“José Guadalupe Posada is a vastly influential artist who had an unfailing knack for creative, high-impact visual communication. His illustrations pack an instant punch yet also reward longer, closer inspection,” Anne Leonard, exhibition curator and Manton Curator of Prints, Drawings, and Photographs, said. “Although his work is far from unknown, it deserves the widest possible audience, and we are thrilled to be able to offer this rich selection from the holdings of the Amon Carter Museum. Visitors to the Berkshires will immensely enjoy plunging into Posada’s vibrant world.”
ABOUT THE EXHIBITION
José Guadalupe Posada (1852–1913) was only in his mid-thirties when his illustrations and caricatures won recognition as the preeminent graphic art of Mexico. Born in the provincial town of Aguascalientes, Posada demonstrated talent as a printmaker from a young age. His career took him first to León (Guanajuato) and then to Mexico City, where he was closely associated for more than two decades with the Vanegas Arroyo print shop, a mainstay of the penny press. An indefatigable illustrator, Posada produced thousands of images for ephemeral news sheets known as broadsides, which offered a sensationalist mix of crime reporting, lurid scandal, current events, and social satire. These broadsides thrived at a time when literacy was not widespread, which meant that images held outsize importance in telling a story.
Posada’s active years coincided with the rule of Porfirio Díaz, a leader who brought modernization and relative stability to Mexico at the cost of press censorship and political repression. Posada was the only caricaturist who worked through the most authoritarian years of Díaz’s dictatorship and into the first years of the Mexican Revolution. Seldom overtly political, Posada’s images catered to public taste for the sensational and shocking. Natural disasters and folk celebrations, bullfights and murders, icons of popular religion and caricatures of both individuals and social types—all were fodder for his illustrations. A remarkably flexible artist, whose imagination often veered toward the surreal, Posada remains best known for his calaveras, or skeletons, whose vitality and comic antics belie their macabre symbolism.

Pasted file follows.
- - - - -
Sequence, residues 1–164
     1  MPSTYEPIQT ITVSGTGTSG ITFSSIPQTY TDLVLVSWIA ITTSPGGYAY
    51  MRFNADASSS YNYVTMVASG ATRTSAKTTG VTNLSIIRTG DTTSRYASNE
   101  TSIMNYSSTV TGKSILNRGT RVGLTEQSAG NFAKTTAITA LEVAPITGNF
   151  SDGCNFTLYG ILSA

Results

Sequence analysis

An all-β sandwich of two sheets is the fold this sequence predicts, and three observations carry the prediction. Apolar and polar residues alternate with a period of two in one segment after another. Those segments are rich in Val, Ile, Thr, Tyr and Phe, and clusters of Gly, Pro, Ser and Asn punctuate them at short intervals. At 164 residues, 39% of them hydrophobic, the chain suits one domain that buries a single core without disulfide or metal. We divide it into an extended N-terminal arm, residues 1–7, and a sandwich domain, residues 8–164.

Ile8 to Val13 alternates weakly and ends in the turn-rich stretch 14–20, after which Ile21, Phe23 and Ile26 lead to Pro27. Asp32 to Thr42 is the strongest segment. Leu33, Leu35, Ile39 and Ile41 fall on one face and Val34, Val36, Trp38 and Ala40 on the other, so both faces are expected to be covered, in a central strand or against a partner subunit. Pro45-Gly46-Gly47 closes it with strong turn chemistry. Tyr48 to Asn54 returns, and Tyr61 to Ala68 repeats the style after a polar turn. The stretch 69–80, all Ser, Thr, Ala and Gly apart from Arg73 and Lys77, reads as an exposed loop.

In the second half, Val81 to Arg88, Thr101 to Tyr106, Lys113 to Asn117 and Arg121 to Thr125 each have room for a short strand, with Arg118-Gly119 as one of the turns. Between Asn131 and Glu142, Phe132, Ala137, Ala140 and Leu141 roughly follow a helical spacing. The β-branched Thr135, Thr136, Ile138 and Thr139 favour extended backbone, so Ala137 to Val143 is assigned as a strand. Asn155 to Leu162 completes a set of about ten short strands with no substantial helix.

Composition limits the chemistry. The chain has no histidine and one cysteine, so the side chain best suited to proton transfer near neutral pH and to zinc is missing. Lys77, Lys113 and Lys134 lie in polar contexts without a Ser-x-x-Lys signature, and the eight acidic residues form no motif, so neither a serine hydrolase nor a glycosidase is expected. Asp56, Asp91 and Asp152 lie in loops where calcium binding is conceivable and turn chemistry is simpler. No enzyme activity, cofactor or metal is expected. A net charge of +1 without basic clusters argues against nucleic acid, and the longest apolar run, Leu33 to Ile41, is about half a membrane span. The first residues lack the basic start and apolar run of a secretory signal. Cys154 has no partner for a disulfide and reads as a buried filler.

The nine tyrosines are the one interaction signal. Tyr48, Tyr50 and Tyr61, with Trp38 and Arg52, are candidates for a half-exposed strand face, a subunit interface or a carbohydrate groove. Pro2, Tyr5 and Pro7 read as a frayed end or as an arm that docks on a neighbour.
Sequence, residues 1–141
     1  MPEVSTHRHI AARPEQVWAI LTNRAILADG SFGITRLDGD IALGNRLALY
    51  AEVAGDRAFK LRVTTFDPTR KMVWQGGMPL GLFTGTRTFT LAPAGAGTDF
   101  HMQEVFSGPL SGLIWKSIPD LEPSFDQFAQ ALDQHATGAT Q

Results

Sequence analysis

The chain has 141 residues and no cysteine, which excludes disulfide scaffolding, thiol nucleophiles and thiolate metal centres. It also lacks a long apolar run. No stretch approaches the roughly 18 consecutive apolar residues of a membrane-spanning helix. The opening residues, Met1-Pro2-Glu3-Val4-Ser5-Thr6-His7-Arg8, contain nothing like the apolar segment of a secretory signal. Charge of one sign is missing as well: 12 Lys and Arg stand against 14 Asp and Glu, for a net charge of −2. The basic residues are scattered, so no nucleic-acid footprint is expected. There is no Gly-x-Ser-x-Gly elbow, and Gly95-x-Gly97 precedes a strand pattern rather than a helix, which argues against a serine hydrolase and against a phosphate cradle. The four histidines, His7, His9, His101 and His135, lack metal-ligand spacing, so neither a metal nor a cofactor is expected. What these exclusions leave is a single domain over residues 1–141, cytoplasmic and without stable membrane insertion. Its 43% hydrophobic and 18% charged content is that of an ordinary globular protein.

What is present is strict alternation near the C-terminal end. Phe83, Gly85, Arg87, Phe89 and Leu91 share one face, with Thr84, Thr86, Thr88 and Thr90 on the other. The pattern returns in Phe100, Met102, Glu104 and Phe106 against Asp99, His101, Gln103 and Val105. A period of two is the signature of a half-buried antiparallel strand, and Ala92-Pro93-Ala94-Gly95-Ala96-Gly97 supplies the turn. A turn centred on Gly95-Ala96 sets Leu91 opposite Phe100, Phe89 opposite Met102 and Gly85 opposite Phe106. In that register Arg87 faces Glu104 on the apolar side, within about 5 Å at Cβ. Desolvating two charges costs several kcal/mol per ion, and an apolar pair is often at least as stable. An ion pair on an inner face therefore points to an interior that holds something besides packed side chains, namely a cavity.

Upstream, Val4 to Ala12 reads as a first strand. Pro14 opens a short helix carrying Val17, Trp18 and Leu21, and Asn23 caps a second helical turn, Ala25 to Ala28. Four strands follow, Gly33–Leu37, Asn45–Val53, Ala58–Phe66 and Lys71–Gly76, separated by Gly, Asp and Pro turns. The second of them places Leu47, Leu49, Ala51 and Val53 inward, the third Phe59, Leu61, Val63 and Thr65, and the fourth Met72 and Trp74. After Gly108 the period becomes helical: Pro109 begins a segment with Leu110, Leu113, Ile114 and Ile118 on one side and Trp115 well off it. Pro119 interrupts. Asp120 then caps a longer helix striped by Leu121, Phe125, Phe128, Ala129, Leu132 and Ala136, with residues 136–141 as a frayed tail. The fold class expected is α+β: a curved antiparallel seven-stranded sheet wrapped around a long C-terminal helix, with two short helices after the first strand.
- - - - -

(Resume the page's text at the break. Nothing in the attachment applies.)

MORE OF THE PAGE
Producing illustrations for almost sixty different periodicals in total, Posada went from one print shop to the next in search of assignments but had little control over his own legacy. His publishers decided what use to make of his images, what titles and texts to append to them, and how many copies to make. And yet, Posada’s decisive achievement and enduring influence make him a pivotal figure in modern Mexican art—according to one writer, “one of the most many-sided artists that Mexico has ever had.”